Prepositions are words you probably don’t notice. They’re usually small and frequently used, so they escape most people’s notice. This is why I stress to students taking the ACT and SAT (or other standardized tests, most of which have a grammar section) that they need to train themselves to spot prepositions. These words may be tiny, but they are essential to improving performance on sections that test English grammar.

To use prepositions to your advantage on the test, you first need to know what they are. Prepositions are short words (in, of, for, by, to, from, and on are the most common) that usually come after nouns and lead to a short phrase that further describes that noun. They form a relation or provide a location. Take a look at the two examples below.

  1. The book for my friend should be arriving today.
  2. I suggest using a guide to the ACT and SAT.     

The first sentence contains the subject book. After book comes the word for, which leads into an explanation of the book—that it is "for my friend.” The same occurs in the second sentence. The subject is guide; what comes after clarifies what it is a guide to. We use a preposition after a noun if we feel it’s necessary to be specific. For instance, there might be multiple guides in a bookstore; therefore, we need to specify that we need the guide to the ACT and SAT in particular. You do this all the time in your speech; you just might not realize it.

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I know what you’re asking: how much will this end up helping me on the ACT or SAT?

A lot, it turns out. Standardized exams frequently test proper subject-verb agreement, for which students have to make sure subjects and verbs are properly paired. In a long sentence, there may be more than one noun, and it often requires careful thinking to determine which of those nouns is the subject. A shortcut in this process is to use prepositions: the subject will come before, not after, a preposition. Here’s a simple example:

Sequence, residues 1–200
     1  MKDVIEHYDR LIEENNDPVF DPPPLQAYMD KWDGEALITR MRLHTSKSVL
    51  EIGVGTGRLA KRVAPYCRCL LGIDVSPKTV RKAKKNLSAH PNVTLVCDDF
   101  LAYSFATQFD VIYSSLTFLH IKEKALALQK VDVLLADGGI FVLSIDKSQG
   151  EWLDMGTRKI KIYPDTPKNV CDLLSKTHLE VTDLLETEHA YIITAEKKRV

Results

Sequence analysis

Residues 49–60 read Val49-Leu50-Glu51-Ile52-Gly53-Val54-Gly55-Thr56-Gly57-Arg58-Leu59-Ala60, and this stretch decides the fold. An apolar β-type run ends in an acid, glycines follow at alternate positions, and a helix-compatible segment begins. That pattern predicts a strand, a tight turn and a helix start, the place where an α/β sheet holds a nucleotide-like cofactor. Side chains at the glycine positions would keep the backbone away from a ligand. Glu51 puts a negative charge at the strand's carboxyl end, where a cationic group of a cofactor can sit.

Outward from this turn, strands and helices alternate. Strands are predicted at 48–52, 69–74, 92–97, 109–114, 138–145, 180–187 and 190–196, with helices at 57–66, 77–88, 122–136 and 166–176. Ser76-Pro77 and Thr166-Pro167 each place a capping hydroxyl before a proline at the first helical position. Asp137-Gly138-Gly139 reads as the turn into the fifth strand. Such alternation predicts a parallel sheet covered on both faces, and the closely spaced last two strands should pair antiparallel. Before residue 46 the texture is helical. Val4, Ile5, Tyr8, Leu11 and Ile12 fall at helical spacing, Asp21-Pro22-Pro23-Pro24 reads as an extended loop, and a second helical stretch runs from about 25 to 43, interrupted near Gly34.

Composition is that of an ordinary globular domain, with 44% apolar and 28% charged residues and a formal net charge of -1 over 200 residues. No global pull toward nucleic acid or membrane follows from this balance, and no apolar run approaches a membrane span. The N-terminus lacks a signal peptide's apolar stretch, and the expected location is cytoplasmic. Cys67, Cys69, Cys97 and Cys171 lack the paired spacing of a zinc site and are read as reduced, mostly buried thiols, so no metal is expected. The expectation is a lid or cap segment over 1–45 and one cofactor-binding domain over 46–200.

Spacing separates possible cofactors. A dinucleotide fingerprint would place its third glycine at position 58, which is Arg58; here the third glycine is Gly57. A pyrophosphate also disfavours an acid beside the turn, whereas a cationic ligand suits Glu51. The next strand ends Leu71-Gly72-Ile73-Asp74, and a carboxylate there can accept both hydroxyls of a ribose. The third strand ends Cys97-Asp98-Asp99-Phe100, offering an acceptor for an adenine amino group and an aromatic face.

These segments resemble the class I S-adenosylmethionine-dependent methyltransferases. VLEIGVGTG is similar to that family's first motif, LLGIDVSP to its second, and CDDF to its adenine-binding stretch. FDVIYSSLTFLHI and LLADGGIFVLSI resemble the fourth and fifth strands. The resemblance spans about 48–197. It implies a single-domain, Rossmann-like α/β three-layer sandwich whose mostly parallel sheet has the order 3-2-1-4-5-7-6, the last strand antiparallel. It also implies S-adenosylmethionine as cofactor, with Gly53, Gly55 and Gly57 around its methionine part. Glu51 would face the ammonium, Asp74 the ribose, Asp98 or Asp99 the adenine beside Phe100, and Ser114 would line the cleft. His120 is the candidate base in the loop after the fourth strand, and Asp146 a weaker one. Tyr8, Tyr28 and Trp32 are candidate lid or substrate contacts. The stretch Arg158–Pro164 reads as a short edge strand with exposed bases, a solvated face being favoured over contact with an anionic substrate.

The guide to the tests ____ very helpful.

  1. is   
  2. are

Some students might think the above sentence should be written with choice B, are; after all, the word tests is plural. But remember what we reviewed before: the subject comes before the preposition. In this case, the subject is guide, not tests. (To further understand why, consider what the sentence is calling very helpful—it’s saying that the guide is helpful. Therefore, the proper verb would be is, as it pairs properly with the singular noun guide.)

Here's another example covered during one of our recent Test Prep Time sessions with our Director of School Classes, Kevin Dennis.

 

Preposition Example #1

 

Since subject-verb agreement questions are all over these tests, you can increase your score just by using this preposition-based trick. Try it out for yourself: take a practice ACT or SAT and circle all the questions that have a preposition in them. You’ll find a lot more than you expect.

Subject-verb agreement questions are not the only ones in which prepositions will be helpful, though. Prepositions also help when you have to choose between who and whom. Because who is a subject, it is used before prepositions. Because whom is an object, it is used after prepositions. Check out these two examples.

  1. Who will be going to the store?
  2. The person to whom I’m writing should receive my letter by Tuesday.

In the first sentence, the who is doing an action (the word will is the verb). In the second sentence, the whom is not doing the action, but is receiving it (the I in the sentence is doing the action of writing). Many students, however, have difficulty parsing the distinction. This is understandable: it’s easy to get stressed when you’re in a time crunch. If you have trouble figuring out whether you should go with who or whom, there’s a shortcut: determine whether you’re inserting who/whom after a preposition. If you are, then you will go with whom. Glance back at my second example: you’ll notice that this occurs when the word whom comes after the preposition to.

Does this mean that the only proper instance of whom is when it comes after a preposition? No. But on standardized tests, this is how it appears all the time. Using this trick, you’ll answer who/whom questions correctly and efficiently.

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